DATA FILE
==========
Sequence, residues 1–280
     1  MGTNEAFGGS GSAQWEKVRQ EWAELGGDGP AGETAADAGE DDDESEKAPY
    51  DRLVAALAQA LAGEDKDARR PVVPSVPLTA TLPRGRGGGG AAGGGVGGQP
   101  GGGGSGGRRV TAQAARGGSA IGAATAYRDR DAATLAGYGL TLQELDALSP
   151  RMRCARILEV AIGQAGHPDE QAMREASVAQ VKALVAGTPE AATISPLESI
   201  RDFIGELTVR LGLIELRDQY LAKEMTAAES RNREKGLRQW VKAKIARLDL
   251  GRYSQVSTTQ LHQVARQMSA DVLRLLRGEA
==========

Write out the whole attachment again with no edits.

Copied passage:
Sequence, residues 1–280
     1  MGTNEAFGGS GSAQWEKVRQ EWAELGGDGP AGETAADAGE DDDESEKAPY
    51  DRLVAALAQA LAGEDKDARR PVVPSVPLTA TLPRGRGGGG AAGGGVGGQP
   101  GGGGSGGRRV TAQAARGGSA IGAATAYRDR DAATLAGYGL TLQELDALSP
   151  RMRCARILEV AIGQAGHPDE QAMREASVAQ VKALVAGTPE AATISPLESI
   201  RDFIGELTVR LGLIELRDQY LAKEMTAAES RNREKGLRQW VKAKIARLDL
   251  GRYSQVSTTQ LHQVARQMSA DVLRLLRGEA